Forgotten games that need remakes
Every year at Thunderbolt Towers we brush the dust off of our retro collection and see if there’s anything that we miss. Since developers have seemingly run out of ideas for new games, it’s surely a sensible plan to look back at what’s gone before for inspiration. What follows is a list of our favourite gems from this year’s scramble through the boxes; a set of titles which were forgotten long ago, but we’d love to see sequels for. Agree? Disagree? Let us know in the comments.
The most controversial game of its time, this 1997 PC strategy game challenged players to profit from the public’s faith. Once you’d chosen your religion’s name and doctrine, you were presented with an overview of the country similar to Railroad Tycoon. As you built more holy buildings in cities, your following would increase until you could challenge the established, legitimate religions.
One of the game’s highlights was undoubtedly the tax avoidance mini-game. Suspicious authorities would have to be convinced that your organisation was legitimate through a series of questions. Answer too many wrong and you’d have your presence shut down in that district.
Inspired by the 1994 revelations surrounding the Church of Scientology, Religion Tycoon is one game that desperately needs a remake. Perhaps the subject matter is too controversial for the larger publishers to handle, but if the likes of Grand Theft Auto are still around, then why not?
World Championship Croquet ’96
The least popular of the original PlayStation’s launch titles, WCC ’96 featured ground-breaking features, but failed to deliver when it came to gameplay. Although it included arcade, versus and career modes, developers Tice Interactive failed to present croquet matches as the exciting roller-coaster ride of emotions that they undoubtedly are.
While the original failed to sell more than a few thousand copies, today’s market presents an unmissable opportunity: the Wii. Using the controller to swing much like Wii Golf, a Wii croquet title could be a great game to play with friends. After all, if Ninjabread Man can sell enough to break even, then surely there’s scope for a bit of croquet on Nintendo’s console.
Omega Circlet XX: Cascading to Tearfall
This PSOne SRPG from the mysterious Team Omega was the main inspiration for Disgaea, and it’s not hard to see why as it laid down many of the foundations that would return in Nippon Ichi’s popular output this century. The charming visuals and bat****-crazy storyline made it a truly unique experience at the time, with a superb battle system to boot. Though the level cap was a mere 999, there was a frankly ridiculous raft of content to discover, taking players by surprise as it surpassed even the mammoth Final Fantasy titles in terms of both scale and sheer hours of dedication required.
It may not have been as cinematic as its contemporaries, and that probably explains the meagre unit sales outside of Japan, but it remains one of the most engaging and outright enjoyable SRPGs of the last fifteen years. Although there are now several successful series’ in the genre, none have quite surpassed the character OC XX: CtT packed in, and there’s never been a better time to return.
Daryl F. Gates’ Police Quest: SWAT – The Real Missions
This expansion pack for the somewhat maligned precursor to the SWAT series featured maps and missions pulled from the history of America’s militarized police force. Cancelled after the Waco siege in 1993, it only saw the light of day recently when the source code was leaked by an anonymous developer.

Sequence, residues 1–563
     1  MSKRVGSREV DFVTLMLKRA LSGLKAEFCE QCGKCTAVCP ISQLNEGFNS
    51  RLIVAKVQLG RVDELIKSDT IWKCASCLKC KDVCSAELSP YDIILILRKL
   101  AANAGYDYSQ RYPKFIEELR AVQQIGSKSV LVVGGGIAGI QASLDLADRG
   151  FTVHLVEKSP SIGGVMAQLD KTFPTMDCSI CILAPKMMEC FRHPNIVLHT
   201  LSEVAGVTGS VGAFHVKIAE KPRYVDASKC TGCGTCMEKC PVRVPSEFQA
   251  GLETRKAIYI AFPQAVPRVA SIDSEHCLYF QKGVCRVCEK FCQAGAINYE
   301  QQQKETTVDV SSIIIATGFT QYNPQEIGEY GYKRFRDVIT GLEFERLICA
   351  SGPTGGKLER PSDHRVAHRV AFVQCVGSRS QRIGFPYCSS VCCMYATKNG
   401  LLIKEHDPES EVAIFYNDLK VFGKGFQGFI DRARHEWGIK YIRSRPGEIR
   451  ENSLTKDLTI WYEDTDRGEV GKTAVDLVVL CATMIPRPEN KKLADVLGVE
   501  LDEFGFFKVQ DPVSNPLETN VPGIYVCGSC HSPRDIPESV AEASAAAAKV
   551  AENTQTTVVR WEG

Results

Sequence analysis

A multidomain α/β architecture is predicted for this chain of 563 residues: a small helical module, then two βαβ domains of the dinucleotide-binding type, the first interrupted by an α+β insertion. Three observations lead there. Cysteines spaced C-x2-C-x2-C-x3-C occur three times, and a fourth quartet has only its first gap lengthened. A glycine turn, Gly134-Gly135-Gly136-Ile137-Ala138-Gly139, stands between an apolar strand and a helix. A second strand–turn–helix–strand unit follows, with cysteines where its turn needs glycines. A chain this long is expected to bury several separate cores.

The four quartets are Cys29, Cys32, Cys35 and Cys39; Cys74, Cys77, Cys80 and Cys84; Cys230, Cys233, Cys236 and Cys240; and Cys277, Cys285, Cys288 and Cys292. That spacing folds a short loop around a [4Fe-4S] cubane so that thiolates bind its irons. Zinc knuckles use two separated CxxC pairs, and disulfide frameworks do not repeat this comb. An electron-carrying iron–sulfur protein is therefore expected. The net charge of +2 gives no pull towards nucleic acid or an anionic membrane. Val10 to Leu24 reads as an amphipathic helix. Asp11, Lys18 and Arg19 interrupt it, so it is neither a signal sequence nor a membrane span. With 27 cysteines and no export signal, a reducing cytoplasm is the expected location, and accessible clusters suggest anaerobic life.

Starting with simple missions like “Busting Rico The Middle Aged Pot Dealer” and “White Trash Wedding Gone Wrong”, players would eventually work their way up to levels like “Oops, We Shot The Wrong Person” and “Itching To Use Our Assault Weapons On Protestors”.
Few details were uncovered after the pack’s cancellation; however, it was confirmed that it would increase the in-game arsenal, with a lot of attention on pushing the boundaries of what counted as a “non-lethal” weapon.
This 2600 game had a fantastically innovative concept behind it, especially for 1982, and one that – other than a Splinter Cell mission – hasn’t been properly explored since. It lay somewhere between a point-and-click adventure game and stealth-heavy brawler, and the expansive environment was open to virtually any possibility.
The player character, Jackie Three Thumbs, was dumped in prison amongst other gangsters for undisclosed crimes, and that was effectively all the preamble we got because after that, the game was ready for just about anything one could dream up. At the last count, there were eighty-seven ways in which to escape, and the freeform nature would perfectly suit a modern title.
Flopsy The Christmas Bunny
This seasonal Sega Saturn offering was intended to be a taster for Sega’s “next big thing”, and was given away free with bottles of OK Juice! in Japanese supermarkets throughout December 1997. A traditional 2D platformer, this was something of a knee-jerk reaction to Sonic’s disappointing 3D exploits. It garnered significant critical acclaim, but hopes of a franchise were cruelly dashed when reclusive Flopsy creator Ikitomi Nakanumurai refused to grant the use of his character likeness for any further games. However, with Nakanumurai’s untimely death from myxomatosis in June 2008, his estate have granted the use of Flopsy’s distinctive “cyber-punk bunny” look for a new trilogy of 360 and PS3 games.
Thanks to Fraser McMillan, Bart Robson and Mike Akerman for their help scouring the shelves for hidden gems.